Thursday, December 29, 2011

Overpronation in Runners

“Overpronation” has been some sort of buzz word in the running community for a long time, but is generally a meaningless term. It is widely used to wrongly prescribe a specific running shoe (ie motion control). The real problem with the term is that it is a substantial oversimplification of what is actually happening to the foot and the use of the term seems to have made experts in it by some health professionals, running shoe sales people, coaches and even runners who have no sort of medical or related qualification. The blogosphere is also full of non-experts pontificating on myths of overpronation. It is easy to see that they have no real understanding of biomechanics and foot function and what they write is easy to deconstruct. There are numerous reasons why a foot may overpronate, so to advocate one method to treat overpronation over another is just plain ignorance of what the causes of it are. Muscle strengthening will only correct overpronation if a muscle weakness is the cause. Muscle stretching will only correct overpronation if a tight muscle is the cause. Gait retraining will only correction overpronation if there is an abnormality in the gait amenable to gait retraining. Foot orthotics will only correct overpronation is there is an alignment issue with the bones. If you have overpronation, do yourself a favor and see someone who actually understands what it is, rather than listen to the unscientific pontifications of self-proclaimed gurus who just happen to have a blog. For more detail on this, I blogged about it here. There are so many overpronation myths to bust and so little times to deal with them!

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Wednesday, December 21, 2011

Navicular Stress Fracture

Navicular stress fractures are a diagnostic challenge and the existence of the so called “N spot” over the navicular is an important diagnostic suspicion. X-rays are not always helpful with a significant number of false positives. There are no short cuts with a navicular stress fracture, the time non-weightbearing away from sport is a minimum of 5-6 weeks. There is no way around this. I have recently spoken to a couple of colleagues who had to deal with athlete with this and they were looking for ways to avoid that. There is no way. The outcomes and success rates and the return to sport for a navicular stress fracture, regardless if it is a surgical or conservative management plan seem to be about the same. The athlete has to be told: no weightbearing for 5-6 weeks. Find a non-weightbearing activity for them to keep going.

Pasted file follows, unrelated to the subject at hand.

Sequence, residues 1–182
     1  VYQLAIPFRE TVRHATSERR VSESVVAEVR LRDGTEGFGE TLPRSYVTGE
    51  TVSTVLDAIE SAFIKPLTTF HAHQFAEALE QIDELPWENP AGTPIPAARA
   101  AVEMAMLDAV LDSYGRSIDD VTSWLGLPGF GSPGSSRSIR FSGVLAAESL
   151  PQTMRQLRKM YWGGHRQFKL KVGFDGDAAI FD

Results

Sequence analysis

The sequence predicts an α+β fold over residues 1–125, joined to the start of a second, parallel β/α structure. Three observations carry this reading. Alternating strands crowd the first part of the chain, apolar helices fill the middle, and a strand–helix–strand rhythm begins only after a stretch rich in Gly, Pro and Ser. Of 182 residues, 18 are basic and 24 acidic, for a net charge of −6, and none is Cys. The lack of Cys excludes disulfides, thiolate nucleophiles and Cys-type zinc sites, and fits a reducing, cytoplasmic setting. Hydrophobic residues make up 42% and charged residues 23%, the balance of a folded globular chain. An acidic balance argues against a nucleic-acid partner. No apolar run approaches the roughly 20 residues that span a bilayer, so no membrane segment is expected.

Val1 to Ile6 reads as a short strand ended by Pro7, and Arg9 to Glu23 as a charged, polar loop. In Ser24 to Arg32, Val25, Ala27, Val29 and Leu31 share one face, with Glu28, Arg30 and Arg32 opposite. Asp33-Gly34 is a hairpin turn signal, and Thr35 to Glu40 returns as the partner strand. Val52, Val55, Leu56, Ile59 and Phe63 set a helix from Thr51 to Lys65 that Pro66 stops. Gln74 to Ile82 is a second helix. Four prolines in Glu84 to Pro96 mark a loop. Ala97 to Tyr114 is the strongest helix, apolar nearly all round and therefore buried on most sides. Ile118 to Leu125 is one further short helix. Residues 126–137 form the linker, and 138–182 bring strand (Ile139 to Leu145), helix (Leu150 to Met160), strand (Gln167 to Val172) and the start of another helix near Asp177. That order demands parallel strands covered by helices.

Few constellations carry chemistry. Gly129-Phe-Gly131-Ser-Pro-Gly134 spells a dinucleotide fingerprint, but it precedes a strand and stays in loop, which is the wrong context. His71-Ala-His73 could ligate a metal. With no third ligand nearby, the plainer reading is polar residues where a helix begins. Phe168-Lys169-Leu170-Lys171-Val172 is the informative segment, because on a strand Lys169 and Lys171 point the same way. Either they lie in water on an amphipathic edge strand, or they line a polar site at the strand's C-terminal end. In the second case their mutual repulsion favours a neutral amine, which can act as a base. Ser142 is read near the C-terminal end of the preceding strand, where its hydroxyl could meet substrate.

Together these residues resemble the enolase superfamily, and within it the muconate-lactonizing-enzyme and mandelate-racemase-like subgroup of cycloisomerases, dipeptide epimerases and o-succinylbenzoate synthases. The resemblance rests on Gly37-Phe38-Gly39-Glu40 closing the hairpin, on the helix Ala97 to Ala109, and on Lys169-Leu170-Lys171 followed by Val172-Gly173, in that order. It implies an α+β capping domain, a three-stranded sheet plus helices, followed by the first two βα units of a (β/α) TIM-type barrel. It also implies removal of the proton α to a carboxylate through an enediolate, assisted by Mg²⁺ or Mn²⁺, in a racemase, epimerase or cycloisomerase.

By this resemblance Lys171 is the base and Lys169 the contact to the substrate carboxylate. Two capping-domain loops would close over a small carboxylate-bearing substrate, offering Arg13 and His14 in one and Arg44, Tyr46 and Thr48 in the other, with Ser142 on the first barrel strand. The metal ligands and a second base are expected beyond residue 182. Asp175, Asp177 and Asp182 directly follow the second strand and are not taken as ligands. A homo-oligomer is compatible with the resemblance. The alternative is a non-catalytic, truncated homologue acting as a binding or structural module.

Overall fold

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Tuesday, December 13, 2011

Running With a Cadence of 180 Steps a Minute

The concept of runners shortening the stride length and increasing the cadence to 180 steps a minute has been coming up as a concept a lot me recently. I am not sure what to make of it. Some prominent coaches and running form experts are advocating it to reduce the risk of injury. At the same time a number of sports scientists are dismissing it as not valid. Most runners tend to naturally adopt a running form that is the most metabolically efficient for them. Any change to that tends to come with a metabolic cost. Those that advocate it are very passionate abut it, but as we know that the more passion there is in defending a theory, the less likely there is to be any evidence that supports it (Paynes First Law). I am certainly seeing injuries in those runners who use a 180 cadence, so I going to wait until the science tells me which is the better way to go on this one.

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